The figure. Relationship between fingertip skin temperature and blood flow( RBC flux) in healthy controls(●), BR leprosy patients (Δ), and BL leprosy patients(□).


Table 2 summarizes the results of discriminant analysis of mean values of all the measurements on the fingers of the individual subjects for temperature and RBC flux. The combination of these two measurements is of potential value in discriminating between the three groups -controls, BL and BT leprosy patients. Additional analysis of the results of the individual fingers confirmed the clear discrimination among the groups, but did not improve the separation significantly.



Table 2 also summarizes a subsequent discriminant analysis on the pairs of observations to determine the extent of separation of healthy subjects from leprosy patients of either clinical type. There appears to be considerable diagnostic power in this combination of observations.

Relationship between sensory function and fingertip temperature and blood-flow measurements in leprosy patients. The patients without evidence of sensory impairment in any fingers (Group A, 3 BT and 1 BL) had high temperature and blood flow in their fingertips. Those with sensory impairment in all of their fingers (Group B, 1 BT and 5 BL) had significantly colder fingers and lower RBC flux than those in Group A (p < 0.05). The patients with sensory impairment in some, but not all, fingers (Group C, 2 BT and 10 BL) did not show statistically significant differences in cither skin temperature or blood flow between the affected and unaffected fingers (Groups CI and C2), but both temperature and RBC flux were significantly lower than those found in Group A (p < 0.05). Table 3 summarizes the results.




The skin of the fingertip has a major thermoregulatory role, and reflex adjustments of skin blood flow can have a large efTect on body heat loss (16). Any tendency in healthy subjects toward elevation of core temperature (e.g., at high ambient temperature) promotes relaxation of sympathetic vasoconstrictor tone of the arteriovenous anastomoses in the deep dermis, inducing high blood flow in the fingertips (7, 14). The temperature of fingertip skin is strongly influenced by the opening and closing of these vessels although the relationship between skin surface temperature and the underlying blood flow is complex (29), especially when blood flow is estimated noninvasivcly by videophotometric methods (23,27) or by laser Doppler flowmetry (20).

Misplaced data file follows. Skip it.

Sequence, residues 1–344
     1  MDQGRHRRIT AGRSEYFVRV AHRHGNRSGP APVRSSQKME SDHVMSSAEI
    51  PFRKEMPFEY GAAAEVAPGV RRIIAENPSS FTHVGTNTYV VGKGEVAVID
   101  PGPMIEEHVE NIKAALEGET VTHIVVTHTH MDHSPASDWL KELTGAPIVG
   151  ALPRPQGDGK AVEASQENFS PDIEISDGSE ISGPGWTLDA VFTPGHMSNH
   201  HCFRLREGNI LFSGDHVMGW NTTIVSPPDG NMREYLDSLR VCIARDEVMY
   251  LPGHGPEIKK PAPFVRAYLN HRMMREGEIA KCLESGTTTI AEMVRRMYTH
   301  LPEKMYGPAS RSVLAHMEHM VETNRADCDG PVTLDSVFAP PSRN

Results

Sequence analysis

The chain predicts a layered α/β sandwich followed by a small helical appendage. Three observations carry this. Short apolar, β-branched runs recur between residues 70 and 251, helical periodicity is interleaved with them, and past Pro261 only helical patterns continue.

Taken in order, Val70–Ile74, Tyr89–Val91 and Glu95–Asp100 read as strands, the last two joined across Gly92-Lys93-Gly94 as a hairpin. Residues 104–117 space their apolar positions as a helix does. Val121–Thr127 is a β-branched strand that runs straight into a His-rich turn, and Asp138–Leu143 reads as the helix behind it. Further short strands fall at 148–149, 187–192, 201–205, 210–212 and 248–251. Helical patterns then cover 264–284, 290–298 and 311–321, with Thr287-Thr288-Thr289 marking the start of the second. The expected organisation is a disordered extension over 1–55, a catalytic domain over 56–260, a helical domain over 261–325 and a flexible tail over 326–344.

With a single exception, the healthy subjects in this investigation had skin temperatures greater than 31 ºC and high blood flow rates (4.0 V-7.0 V) at an ambient temperature of 26ºC-29ºC. These values were very similar to those obtained by laser Doppler flowmetry on healthy European subjects with centrally induced maximal vasodilatation (l7). The exception was an apparently healthy leprosy control worker; no clinical explanation was found for the failure to demonstrate the usual heat adaptation response, but we have shown that healthy individuals frequently exposed to patients with active leprosy have a higher prevalence of impairment of the cold-induced vasomotor reflex than the unexposed population (1).

All six 13T patients had fingertip skin temperatures appropriate to their environment (greater than 31ºC), but live of these patients showed lower blood-flow velocities than the control subjects. Eleven of the BL patients had skin temperatures less than 31ºC and all had slow fingertip blood flow; the remaining five BL patients had skin temperatures appropriate to their environment but their blood flow was low (1.5 V to 3.5 V). The leprosy patients reported in this study were all Indians, but we (Crée, Abbot, Larshmipati and Beck, unpublished observations) have recently shown that a Caucasian patient with long-standing BL leprosy living in Scotland had substantial reduction in fingertip blood flow when equilibrated in an environment-controlled room with an air temperature of 27ºC. Accordingly, the phenomenon of cold lingers/ low blood flow in leprosy patients is likely to be related to their disease and not to their race or living conditions.